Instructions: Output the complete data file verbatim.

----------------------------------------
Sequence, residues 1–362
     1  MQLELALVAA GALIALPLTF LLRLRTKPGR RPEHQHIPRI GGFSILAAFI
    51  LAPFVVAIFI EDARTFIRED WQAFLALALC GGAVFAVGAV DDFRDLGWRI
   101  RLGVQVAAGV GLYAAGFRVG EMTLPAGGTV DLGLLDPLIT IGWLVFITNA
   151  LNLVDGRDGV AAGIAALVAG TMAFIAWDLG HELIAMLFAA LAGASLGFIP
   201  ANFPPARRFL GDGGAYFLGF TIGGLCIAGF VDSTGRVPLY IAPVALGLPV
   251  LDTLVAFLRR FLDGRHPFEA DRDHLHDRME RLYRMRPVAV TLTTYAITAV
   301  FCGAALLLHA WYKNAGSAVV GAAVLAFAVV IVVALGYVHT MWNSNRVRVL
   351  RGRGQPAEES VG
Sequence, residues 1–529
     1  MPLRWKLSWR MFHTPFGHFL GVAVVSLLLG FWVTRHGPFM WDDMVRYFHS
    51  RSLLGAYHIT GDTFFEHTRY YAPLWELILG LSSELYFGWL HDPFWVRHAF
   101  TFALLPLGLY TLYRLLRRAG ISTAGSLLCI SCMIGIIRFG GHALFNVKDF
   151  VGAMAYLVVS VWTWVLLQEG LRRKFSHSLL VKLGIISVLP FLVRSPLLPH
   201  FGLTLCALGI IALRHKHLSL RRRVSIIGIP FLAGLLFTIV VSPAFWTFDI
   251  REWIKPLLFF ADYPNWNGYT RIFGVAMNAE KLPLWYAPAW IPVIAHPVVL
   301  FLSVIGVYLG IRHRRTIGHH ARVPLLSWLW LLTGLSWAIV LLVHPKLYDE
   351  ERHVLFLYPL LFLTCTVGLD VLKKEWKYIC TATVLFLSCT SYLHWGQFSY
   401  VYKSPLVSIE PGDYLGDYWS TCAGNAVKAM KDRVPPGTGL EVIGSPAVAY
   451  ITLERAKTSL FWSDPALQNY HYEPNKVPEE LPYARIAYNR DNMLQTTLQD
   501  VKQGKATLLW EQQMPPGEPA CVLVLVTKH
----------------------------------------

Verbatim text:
Sequence, residues 1–362
     1  MQLELALVAA GALIALPLTF LLRLRTKPGR RPEHQHIPRI GGFSILAAFI
    51  LAPFVVAIFI EDARTFIRED WQAFLALALC GGAVFAVGAV DDFRDLGWRI
   101  RLGVQVAAGV GLYAAGFRVG EMTLPAGGTV DLGLLDPLIT IGWLVFITNA
   151  LNLVDGRDGV AAGIAALVAG TMAFIAWDLG HELIAMLFAA LAGASLGFIP
   201  ANFPPARRFL GDGGAYFLGF TIGGLCIAGF VDSTGRVPLY IAPVALGLPV
   251  LDTLVAFLRR FLDGRHPFEA DRDHLHDRME RLYRMRPVAV TLTTYAITAV
   301  FCGAALLLHA WYKNAGSAVV GAAVLAFAVV IVVALGYVHT MWNSNRVRVL
   351  RGRGQPAEES VG
Sequence, residues 1–529
     1  MPLRWKLSWR MFHTPFGHFL GVAVVSLLLG FWVTRHGPFM WDDMVRYFHS
    51  RSLLGAYHIT GDTFFEHTRY YAPLWELILG LSSELYFGWL HDPFWVRHAF
   101  TFALLPLGLY TLYRLLRRAG ISTAGSLLCI SCMIGIIRFG GHALFNVKDF
   151  VGAMAYLVVS VWTWVLLQEG LRRKFSHSLL VKLGIISVLP FLVRSPLLPH
   201  FGLTLCALGI IALRHKHLSL RRRVSIIGIP FLAGLLFTIV VSPAFWTFDI
   251  REWIKPLLFF ADYPNWNGYT RIFGVAMNAE KLPLWYAPAW IPVIAHPVVL
   301  FLSVIGVYLG IRHRRTIGHH ARVPLLSWLW LLTGLSWAIV LLVHPKLYDE
   351  ERHVLFLYPL LFLTCTVGLD VLKKEWKYIC TATVLFLSCT SYLHWGQFSY
   401  VYKSPLVSIE PGDYLGDYWS TCAGNAVKAM KDRVPPGTGL EVIGSPAVAY
   451  ITLERAKTSL FWSDPALQNY HYEPNKVPEE LPYARIAYNR DNMLQTTLQD
   501  VKQGKATLLW EQQMPPGEPA CVLVLVTKH